Blame gasoline, food, jobs or just slow mail. The result is the same: More consumers are sending in their credit card payments late.
The American Bankers Association said Thursday that the percentage of consumers at least 30 days past due on their credit card bills rose to 3.4 percent in the first three months of the year from 3.28 percent in the final quarter of 2010.
Here's the heartening part: Delinquencies are still down from 3.88 percent a year ago and are trending under the 15-year average of 3.95 percent.
Still, the increase is slightly troubling, especially since consumers are missing other debt payments more often too. That's right. Indirect auto loans, mortgages, home equity loans and non-card revolving loans all recorded small rises in delinquencies in the first quarter, according to the ABA.
What's going on?
The start of the year saw unprecedented uprisings in the Middle East, which spooked investors and drove up oil prices, and, thus, gasoline prices. Add to that a nearly historic jump in the cost of food in February when prices surged almost 4 percent. And then there are jobs. Or the lack of them.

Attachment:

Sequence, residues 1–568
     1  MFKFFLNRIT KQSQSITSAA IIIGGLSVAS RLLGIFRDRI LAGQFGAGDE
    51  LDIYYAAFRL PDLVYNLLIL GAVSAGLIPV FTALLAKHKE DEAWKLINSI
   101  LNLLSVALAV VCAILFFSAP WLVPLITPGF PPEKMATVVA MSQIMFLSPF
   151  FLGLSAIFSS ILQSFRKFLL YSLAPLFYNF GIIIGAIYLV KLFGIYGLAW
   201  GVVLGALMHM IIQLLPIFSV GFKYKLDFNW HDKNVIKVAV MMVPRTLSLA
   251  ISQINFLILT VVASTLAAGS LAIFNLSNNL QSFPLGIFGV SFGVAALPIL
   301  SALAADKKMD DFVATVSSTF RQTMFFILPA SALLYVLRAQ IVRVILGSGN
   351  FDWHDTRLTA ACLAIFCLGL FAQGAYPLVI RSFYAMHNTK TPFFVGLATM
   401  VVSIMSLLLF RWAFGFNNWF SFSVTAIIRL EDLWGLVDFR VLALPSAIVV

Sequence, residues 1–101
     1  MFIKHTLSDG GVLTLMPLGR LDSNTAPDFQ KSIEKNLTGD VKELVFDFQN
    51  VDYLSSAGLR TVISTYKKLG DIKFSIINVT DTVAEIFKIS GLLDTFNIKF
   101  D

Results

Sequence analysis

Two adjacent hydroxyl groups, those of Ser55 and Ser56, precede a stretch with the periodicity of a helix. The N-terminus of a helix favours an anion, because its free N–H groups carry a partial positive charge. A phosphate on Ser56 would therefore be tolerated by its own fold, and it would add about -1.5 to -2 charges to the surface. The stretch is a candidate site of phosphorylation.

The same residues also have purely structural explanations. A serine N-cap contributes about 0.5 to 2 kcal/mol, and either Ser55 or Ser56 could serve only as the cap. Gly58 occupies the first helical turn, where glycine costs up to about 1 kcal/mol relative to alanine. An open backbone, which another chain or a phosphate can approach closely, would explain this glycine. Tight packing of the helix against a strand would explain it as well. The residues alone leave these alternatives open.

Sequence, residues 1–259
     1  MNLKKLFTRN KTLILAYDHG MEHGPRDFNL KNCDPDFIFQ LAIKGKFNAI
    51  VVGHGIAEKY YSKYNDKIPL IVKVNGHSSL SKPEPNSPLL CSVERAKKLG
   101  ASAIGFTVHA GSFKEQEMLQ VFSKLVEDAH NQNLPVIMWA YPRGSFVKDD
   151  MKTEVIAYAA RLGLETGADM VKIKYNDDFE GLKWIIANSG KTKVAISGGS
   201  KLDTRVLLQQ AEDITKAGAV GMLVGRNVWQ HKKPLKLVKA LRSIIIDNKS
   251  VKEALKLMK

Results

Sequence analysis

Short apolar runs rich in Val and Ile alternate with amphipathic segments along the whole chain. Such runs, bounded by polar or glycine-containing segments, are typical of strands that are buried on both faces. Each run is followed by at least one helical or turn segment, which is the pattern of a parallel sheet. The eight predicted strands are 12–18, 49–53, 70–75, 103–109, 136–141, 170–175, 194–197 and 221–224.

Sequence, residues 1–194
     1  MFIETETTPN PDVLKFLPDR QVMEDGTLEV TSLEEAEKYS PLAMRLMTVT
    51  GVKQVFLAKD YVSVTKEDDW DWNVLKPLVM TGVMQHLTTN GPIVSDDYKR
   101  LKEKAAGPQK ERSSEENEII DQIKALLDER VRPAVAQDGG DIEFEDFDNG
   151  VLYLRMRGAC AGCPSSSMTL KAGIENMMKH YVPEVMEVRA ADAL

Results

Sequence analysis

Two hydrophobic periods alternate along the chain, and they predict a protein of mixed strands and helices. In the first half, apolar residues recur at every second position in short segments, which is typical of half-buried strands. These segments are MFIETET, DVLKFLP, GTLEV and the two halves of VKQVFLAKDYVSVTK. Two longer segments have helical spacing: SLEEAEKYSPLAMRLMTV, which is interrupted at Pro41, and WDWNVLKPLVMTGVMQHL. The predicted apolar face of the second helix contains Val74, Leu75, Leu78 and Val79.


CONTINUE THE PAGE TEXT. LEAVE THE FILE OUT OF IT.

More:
That's enough to fray anyone's wallet.
"With family incomes already stretched, even small increases in daily living expenses can be enough to derail the ability to meet debt obligations," says the trade group's chief economist James Chessen in a press release.
If you're one of the consumers who is struggling to pay your debts, check out Bankrate's slideshow on the stages of delinquency. It outlines what to expect from your lender when you miss a payment, what happens to your credit and what you can do at each stage of delinquency.
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